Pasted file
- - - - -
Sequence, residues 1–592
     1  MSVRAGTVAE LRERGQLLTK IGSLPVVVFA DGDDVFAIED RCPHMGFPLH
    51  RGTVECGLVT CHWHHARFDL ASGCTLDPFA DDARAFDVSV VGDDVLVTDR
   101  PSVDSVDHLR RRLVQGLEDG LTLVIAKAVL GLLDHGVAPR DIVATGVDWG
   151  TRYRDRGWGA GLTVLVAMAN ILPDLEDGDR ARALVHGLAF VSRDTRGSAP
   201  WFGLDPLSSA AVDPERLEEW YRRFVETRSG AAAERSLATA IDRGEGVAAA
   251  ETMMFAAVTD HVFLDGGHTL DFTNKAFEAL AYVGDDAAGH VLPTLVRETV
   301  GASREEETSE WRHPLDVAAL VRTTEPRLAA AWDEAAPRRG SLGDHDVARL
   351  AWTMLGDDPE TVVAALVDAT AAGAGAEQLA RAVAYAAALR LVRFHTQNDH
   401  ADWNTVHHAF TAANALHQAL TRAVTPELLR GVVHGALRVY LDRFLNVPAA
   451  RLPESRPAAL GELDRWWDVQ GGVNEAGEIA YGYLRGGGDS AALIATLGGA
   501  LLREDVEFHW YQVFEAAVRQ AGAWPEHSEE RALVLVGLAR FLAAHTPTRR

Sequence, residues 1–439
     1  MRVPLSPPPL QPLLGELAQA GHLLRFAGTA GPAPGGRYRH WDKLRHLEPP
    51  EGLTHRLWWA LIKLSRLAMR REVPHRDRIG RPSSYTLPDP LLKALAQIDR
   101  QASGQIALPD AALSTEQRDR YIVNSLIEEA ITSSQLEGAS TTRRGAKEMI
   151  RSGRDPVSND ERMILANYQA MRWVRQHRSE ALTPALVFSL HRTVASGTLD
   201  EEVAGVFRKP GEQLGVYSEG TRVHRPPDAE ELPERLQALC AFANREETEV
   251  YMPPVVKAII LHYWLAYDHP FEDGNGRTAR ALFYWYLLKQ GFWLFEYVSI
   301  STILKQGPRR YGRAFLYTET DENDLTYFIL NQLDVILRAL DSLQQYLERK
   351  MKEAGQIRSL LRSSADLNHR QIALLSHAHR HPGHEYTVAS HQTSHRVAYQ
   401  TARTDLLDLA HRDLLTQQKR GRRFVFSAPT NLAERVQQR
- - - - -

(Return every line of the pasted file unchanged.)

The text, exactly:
Sequence, residues 1–592
     1  MSVRAGTVAE LRERGQLLTK IGSLPVVVFA DGDDVFAIED RCPHMGFPLH
    51  RGTVECGLVT CHWHHARFDL ASGCTLDPFA DDARAFDVSV VGDDVLVTDR
   101  PSVDSVDHLR RRLVQGLEDG LTLVIAKAVL GLLDHGVAPR DIVATGVDWG
   151  TRYRDRGWGA GLTVLVAMAN ILPDLEDGDR ARALVHGLAF VSRDTRGSAP
   201  WFGLDPLSSA AVDPERLEEW YRRFVETRSG AAAERSLATA IDRGEGVAAA
   251  ETMMFAAVTD HVFLDGGHTL DFTNKAFEAL AYVGDDAAGH VLPTLVRETV
   301  GASREEETSE WRHPLDVAAL VRTTEPRLAA AWDEAAPRRG SLGDHDVARL
   351  AWTMLGDDPE TVVAALVDAT AAGAGAEQLA RAVAYAAALR LVRFHTQNDH
   401  ADWNTVHHAF TAANALHQAL TRAVTPELLR GVVHGALRVY LDRFLNVPAA
   451  RLPESRPAAL GELDRWWDVQ GGVNEAGEIA YGYLRGGGDS AALIATLGGA
   501  LLREDVEFHW YQVFEAAVRQ AGAWPEHSEE RALVLVGLAR FLAAHTPTRR

Sequence, residues 1–439
     1  MRVPLSPPPL QPLLGELAQA GHLLRFAGTA GPAPGGRYRH WDKLRHLEPP
    51  EGLTHRLWWA LIKLSRLAMR REVPHRDRIG RPSSYTLPDP LLKALAQIDR
   101  QASGQIALPD AALSTEQRDR YIVNSLIEEA ITSSQLEGAS TTRRGAKEMI
   151  RSGRDPVSND ERMILANYQA MRWVRQHRSE ALTPALVFSL HRTVASGTLD
   201  EEVAGVFRKP GEQLGVYSEG TRVHRPPDAE ELPERLQALC AFANREETEV
   251  YMPPVVKAII LHYWLAYDHP FEDGNGRTAR ALFYWYLLKQ GFWLFEYVSI
   301  STILKQGPRR YGRAFLYTET DENDLTYFIL NQLDVILRAL DSLQQYLERK
   351  MKEAGQIRSL LRSSADLNHR QIALLSHAHR HPGHEYTVAS HQTSHRVAYQ
   401  TARTDLLDLA HRDLLTQQKR GRRFVFSAPT NLAERVQQR